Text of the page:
Removing Your Information From Florida’s Database After a Pinellas County Felony Arrest
The State of Florida has collected DNA in felony cases following “conviction” for the better part of this decade. At first, Florida law only allowed the collection of DNA when a person was convicted of certain felony offenses. These were limited to crimes of sexual battery, lewdness, murder, aggravated assault, burglary, carjacking, and home-invasion robbery (See: Florida Statutes 943.325 (2000)). However, beginning in 2001, Florida law specified that the collection of DNA would be expanded each year so that it would include more and more felony offenses. Ultimately, this culminated in 2008 with the collection of a DNA sample from each and every person who enters a plea of “guilty” or “no contest” or is convicted of any felony offense, regardless of whether adjudication is withheld (See: Florida Statutes 943.325(1)(b); (10)(d) (2008)).
Get Arrested in Florida… Give a DNA Sample
The Florida Legislature expanded the collection of DNA even further by passing an amendment to Florida Statute ss. 943.325. These changes went into effect as of July 1, 2009. Under the expanded law, a person is now required to submit a DNA sample for collection and indexing in Florida’s DNA database simply upon being arrested for a felony offense. Apparently, the presumption of innocence and right to a jury trial no longer applies to the State when it seeks to collect DNA samples.
Obviously, such a broad law creates genuine concern about the labeling and inclusion of potentially innocent people in the FDLE DNA Investigative database. The legal standard for law enforcement to make an arrest is defined as merely “probable cause.” This threshold is very low and allows the police to make an arrest any time they find there is a reasonable probability that a person committed a crime. On the other hand, the legal standard for a person to be convicted at a trial is guilt “beyond a reasonable doubt.” This is the highest standard of proof that exists in the law. It requires that the State prove beyond each and every single reasonable doubt that a person committed a crime. As criminal defense attorneys, our office is in a better position than most to know and understand that not every felony arrest leads to charges being formally filed by the State Attorney’s Office. In other words, just because an individual is arrested, does not mean the prosecutor has to file a formal charge. Likewise, an arrest doesn’t necessarily mean that the prosecutor will later be able to prove the case beyond a reasonable doubt. Thus, not every felony arrest translates into a formal filing by the State Attorney’s Office and even if filed, not every person facing a felony charge is ultimately convicted.
How to Have Your DNA Sample Removed From The Florida Database
If your felony charge was later dropped, reduced to a misdemeanor, dismissed or if you were found not guilty after a trial, it seems inherently unfair to brand you with a felony DNA database classification.
There are legal remedies available to safeguard your reputation:
Where appropriate, we can intervene with the prosecutor and seek to have the charges dropped. Intervening shortly after arrest and presenting your side of the story can be effective in persuading the State to file a lesser charge (a misdemeanor), or not to file charges at all. This action could set you up to have your lawyer then petition the Florida Department of Law Enforcement under Florida Statutes ss. 943.325(16) to have your name and DNA removed from the database. The Florida Department of Law Enforcement is required to remove the DNA information when it can be demonstrated through official court documents that the felony arrest was without merit. Note that this action is not automatic. To have your information removed from the DNA Database it is imperative you timely contact a lawyer who can prepare the necessary legal documents that will force the FDLE to delete the information from their records.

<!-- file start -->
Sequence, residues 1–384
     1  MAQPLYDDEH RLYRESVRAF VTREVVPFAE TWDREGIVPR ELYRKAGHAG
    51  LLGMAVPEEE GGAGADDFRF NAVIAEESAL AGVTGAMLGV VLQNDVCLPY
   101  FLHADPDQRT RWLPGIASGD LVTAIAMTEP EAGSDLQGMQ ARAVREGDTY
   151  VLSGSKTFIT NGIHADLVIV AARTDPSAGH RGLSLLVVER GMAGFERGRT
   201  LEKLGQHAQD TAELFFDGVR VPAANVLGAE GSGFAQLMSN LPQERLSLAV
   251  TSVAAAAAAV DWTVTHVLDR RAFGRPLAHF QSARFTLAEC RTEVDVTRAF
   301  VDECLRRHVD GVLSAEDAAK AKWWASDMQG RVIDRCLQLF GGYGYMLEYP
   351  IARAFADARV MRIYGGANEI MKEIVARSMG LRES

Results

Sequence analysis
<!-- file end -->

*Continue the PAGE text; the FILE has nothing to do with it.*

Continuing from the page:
How to Have Your Pinellas County Criminal Records Sealed
In the event that the case has been dropped, dismissed, or you were acquitted, we can also move to seal or expunge your criminal record. Such action effectively prevents any member of the public from ever learning that you were arrested or charged with a crime. Furthermore, it allows you to truthfully deny the entire incident ever even happened.
The very idea of a DNA database controlled and maintained by the government for its own purposes lends itself to serious privacy concerns about “Big Brother” government. However, the very real danger that thousands of over-charged or innocent people could have their DNA collected, cataloged and stored is even more distressing. Fortunately, there is a provision to have the information removed… but that remedy is dependent on having a lawyer who can help you get the right result first.
If you have been arrested in St. Petersburg, Clearwater, or other area of Pinellas County, call on our office for help. Obviously, getting immediate legal counsel is not only important for dealing with the pressing concerns of your criminal case, but also the long term stigma associated with having your name and DNA in Florida’s database.
We offer free consultations that are focused on creating an effective legal strategy to achieve the best possible outcome. For a free consultation with a defense attorney in St. Petersburg, please contact Russo, Pelletier & Sullivan today.
Disclaimer: The information contained in this article is for general educational information only. This information does not constitute legal advice, is not intended to constitute legal advice, nor should it be relied upon as legal advice for your specific factual pattern or situation.